In praise of … John Berger

Even the Guardian  editors’ encomiums can’t escape the characteristic wishy-washiness. So they praise John Berger, in their usual weasly manner of course, and yet denigrate the politics which animates his fiction and gives it its distinctive edge.

John Berger
John Berger

John Berger’s most tangible influences were that tiny band of intellectuals who combined fine-art criticism with a social conscience: John Ruskin; Oscar Wilde; Walter Benjamin. Great writers all, and 82-year-old Berger is their equal. Indeed, that was true as early as 1972, when he published Ways of Seeing, the classic work of art criticism that became a founding text of cultural studies and still has a huge influence on art teachers and their students. What is most gratifying about the report we publish today is that Berger still holds to the humane, generous values set down in that book, rather than make that long, cliched voyage to being a reactionary with a dessicated heart. The archive of one of the greatest thinkers in postwar Britain – a Booker-winning novelist, an artist, a critic – would have fetched a usefully-high price from any number of American universities, but Berger has given it for free to the British Library. All he wants is for the BL’s representative to help him with some farmwork. That is a typically bit of puckishness from a man who, when he claimed the Booker for his novel G, delivered a tirade of an acceptance speech against the event’s corporate sponsors and promptly handed over half his prize money to the Black Panthers. Gestures like that distracted (how could they not?) attention from his aphorisms such as “Nobody had ever sworn in paint before Picasso”. A sharp, bold statement – but it is also generous, helping the reader see the work under discussion. Those same qualities are true of its author.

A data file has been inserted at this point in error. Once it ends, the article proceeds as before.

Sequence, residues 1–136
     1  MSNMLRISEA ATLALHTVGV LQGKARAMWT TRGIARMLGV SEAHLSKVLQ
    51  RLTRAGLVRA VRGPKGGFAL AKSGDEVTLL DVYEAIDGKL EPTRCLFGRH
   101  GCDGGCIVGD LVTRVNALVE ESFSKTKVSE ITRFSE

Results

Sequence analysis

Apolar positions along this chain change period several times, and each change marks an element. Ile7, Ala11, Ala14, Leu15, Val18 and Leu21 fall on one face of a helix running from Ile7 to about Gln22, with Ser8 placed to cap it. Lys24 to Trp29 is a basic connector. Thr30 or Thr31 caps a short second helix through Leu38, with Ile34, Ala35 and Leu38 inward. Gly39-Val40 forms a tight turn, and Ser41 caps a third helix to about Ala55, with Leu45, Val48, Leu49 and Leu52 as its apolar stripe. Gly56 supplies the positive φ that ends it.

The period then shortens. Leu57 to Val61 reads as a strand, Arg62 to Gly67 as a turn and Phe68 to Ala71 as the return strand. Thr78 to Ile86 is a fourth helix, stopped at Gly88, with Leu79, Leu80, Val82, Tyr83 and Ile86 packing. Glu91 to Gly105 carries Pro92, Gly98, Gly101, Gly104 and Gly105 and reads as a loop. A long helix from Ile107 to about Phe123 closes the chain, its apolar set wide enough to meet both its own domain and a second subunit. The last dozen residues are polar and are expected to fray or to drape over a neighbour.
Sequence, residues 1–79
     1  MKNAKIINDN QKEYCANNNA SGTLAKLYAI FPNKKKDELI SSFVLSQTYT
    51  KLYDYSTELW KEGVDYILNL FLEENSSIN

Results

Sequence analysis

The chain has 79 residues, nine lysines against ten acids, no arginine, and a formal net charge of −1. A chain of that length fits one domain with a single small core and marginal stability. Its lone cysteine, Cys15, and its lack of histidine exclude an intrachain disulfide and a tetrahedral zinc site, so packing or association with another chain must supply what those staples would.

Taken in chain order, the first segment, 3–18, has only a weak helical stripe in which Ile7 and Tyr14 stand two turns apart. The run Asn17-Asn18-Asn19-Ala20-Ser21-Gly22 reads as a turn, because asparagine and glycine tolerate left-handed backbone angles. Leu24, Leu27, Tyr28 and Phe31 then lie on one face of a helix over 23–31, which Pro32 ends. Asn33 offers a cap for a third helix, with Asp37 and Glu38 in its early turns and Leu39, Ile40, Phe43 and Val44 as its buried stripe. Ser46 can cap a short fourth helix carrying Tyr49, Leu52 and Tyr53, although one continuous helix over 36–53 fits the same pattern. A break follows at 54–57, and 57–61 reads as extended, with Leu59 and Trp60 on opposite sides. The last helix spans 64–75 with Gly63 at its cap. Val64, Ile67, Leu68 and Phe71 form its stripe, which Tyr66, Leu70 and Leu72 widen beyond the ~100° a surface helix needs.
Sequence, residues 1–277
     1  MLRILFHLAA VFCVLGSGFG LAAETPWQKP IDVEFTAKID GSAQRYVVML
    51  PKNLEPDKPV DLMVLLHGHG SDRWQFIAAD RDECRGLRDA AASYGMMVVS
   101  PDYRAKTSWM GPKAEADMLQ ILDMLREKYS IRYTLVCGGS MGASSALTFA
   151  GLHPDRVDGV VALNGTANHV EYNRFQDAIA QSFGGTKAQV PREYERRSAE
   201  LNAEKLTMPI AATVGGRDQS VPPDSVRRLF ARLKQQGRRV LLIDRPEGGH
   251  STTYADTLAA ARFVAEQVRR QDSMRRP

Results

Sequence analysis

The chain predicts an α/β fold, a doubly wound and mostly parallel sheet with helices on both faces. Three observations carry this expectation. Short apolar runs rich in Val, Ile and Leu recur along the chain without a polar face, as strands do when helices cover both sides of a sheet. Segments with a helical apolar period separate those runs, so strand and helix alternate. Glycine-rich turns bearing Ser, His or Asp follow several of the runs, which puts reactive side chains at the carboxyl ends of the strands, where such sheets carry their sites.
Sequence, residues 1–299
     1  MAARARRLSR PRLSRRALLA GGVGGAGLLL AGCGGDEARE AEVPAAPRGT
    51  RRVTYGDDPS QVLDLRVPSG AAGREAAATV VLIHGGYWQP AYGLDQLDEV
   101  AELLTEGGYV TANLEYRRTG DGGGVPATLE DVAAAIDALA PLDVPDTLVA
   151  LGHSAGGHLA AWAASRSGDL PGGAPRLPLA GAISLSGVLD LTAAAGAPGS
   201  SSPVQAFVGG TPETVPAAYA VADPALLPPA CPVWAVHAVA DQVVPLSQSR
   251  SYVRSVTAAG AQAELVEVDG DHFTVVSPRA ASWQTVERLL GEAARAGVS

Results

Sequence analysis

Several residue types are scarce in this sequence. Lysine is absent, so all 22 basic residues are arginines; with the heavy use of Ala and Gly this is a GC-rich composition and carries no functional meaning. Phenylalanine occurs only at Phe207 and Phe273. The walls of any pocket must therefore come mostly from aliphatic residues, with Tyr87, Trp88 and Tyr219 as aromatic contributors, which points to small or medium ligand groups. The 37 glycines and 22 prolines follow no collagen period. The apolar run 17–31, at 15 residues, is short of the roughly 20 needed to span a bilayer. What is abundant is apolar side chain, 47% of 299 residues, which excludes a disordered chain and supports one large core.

Author: Idrees Ahmad

I am a Lecturer in Digital Journalism at the University of Stirling and a former research fellow at the University of Denver’s Center for Middle East Studies. I am the author of The Road to Iraq: The Making of a Neoconservative War (Edinburgh University Press, 2014). I write for The Observer, The Nation, The Daily Beast, Los Angeles Review of Books, The Atlantic, The New Republic, Al Jazeera, Dissent, The National, VICE News, Huffington Post, In These Times, Le Monde Diplomatique, Die Tageszeitung (TAZ), Adbusters, Guernica, London Review of Books (Blog), The New Arab, Bella Caledonia, Asia Times, IPS News, Medium, Political Insight, The Drouth, Canadian Dimension, Tanqeed, Variant, etc. I have appeared as an on-air analyst on Al Jazeera, the BBC, TRT World, RAI TV, Radio Open Source with Christopher Lydon, Alternative Radio with David Barsamian and several Pacifica Radio channels.

2 thoughts on “In praise of … John Berger”

  1. It is interesting that the Guardian writer describes Berger’s request that the British Library’s representative help him with some farmwork as ‘puckishness’. To give his archive to the Library in exchange for some work outside is not puckish, it is beautiful.

    If nothing else, the BL’s representative will have a chance to live for a short while in a world where money doesn’t rule, where exchange is generous and meaningful. And, setting aside the Guardian’s take on the Berger, it gives us a glimpse of a better way of being ourselves.

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